Many web browsers offer plugins to help you stay productive, and not open the websites you waste time on, but you can take things one step further by simply blocking your computer from accessing specific sites all together.
This is why I recommend editing the Hosts file on your Mac, using Terminal. Yes, it looks a little intimidating, but once you get the hang of it, you'll have banned those websites across all browsers, and doing so without relying on a plugin that may lose support when its developer grows tired of updating it.
The below steps were performed on a MacBook Air running macOS High Sierra (10.13), but they should work the same on all Mac from the last decade or so.
1. Click the magnifying glass in the top right corner. If it's not there, hit Command+Space.
2. Type "Terminal"
3. Select Terminal.
4. You've reached the command line, it's a little intimidating, but don't worry.
5. I'm going to give you a series of commands to type in, and each will have quotation marks on the front and back, which you should ignore.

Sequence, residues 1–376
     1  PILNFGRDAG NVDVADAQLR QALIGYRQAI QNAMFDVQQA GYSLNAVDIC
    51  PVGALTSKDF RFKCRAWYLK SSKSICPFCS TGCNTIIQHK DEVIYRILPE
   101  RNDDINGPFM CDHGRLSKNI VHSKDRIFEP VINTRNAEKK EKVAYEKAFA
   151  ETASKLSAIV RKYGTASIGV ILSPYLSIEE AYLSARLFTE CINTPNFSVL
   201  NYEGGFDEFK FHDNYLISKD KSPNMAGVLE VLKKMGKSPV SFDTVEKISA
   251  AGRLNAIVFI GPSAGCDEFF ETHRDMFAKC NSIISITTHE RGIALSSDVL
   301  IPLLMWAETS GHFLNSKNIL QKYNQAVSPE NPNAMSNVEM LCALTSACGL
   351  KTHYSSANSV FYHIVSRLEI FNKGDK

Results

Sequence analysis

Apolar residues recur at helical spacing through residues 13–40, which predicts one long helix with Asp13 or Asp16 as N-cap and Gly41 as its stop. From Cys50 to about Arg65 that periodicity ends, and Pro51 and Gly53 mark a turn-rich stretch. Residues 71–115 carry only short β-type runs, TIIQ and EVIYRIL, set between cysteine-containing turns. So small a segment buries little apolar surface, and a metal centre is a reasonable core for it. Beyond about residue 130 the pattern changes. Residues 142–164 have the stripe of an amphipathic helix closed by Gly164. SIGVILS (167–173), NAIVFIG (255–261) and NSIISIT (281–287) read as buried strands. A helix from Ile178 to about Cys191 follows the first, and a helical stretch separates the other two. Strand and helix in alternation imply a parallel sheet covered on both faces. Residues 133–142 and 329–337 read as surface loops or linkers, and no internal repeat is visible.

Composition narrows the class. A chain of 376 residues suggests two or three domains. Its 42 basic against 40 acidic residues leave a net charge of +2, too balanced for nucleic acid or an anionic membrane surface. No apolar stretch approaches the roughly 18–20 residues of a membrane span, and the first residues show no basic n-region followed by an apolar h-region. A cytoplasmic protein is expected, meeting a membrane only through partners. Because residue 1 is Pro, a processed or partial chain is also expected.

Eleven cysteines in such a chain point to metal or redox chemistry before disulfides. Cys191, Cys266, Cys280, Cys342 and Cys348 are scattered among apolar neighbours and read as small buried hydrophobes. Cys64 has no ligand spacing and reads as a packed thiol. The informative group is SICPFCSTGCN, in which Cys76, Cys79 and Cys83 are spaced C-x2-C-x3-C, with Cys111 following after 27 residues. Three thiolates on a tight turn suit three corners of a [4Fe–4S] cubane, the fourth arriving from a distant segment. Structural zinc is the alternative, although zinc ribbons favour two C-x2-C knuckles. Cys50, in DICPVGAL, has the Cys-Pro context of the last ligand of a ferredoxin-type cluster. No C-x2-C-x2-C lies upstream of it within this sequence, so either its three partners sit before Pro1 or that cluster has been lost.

6. Type in "sudo nano /etc/hosts"
7. Hit Return.
8. Type your system admin password.
9. This is the host file database, tap the down arrow to move your cursor below the line that says "127.0.0.1 localhost"
10. Type in "127.0.0.1 " and then the address of the site you want to block, making sure to keep a space between the numbers and the address. For example, "127.0.0.1 facebook.com" will block Facebook.
11. Hit return.
12. Type in "127.0.0.1 " followed by that address with the "www." prefix in front of it, for extra measure. For example, "127.0.0.1 www.facebook.com"
13. Hit return.
14. Click Control + O to save your change.
15. Click Return.
16. Click Control + X.
17. Type "sudo dscacheutil -flushcache"
18. Hit return.
Now, when you open that website, in any browser on that Mac, you'll get a message that says you're unable to connect.
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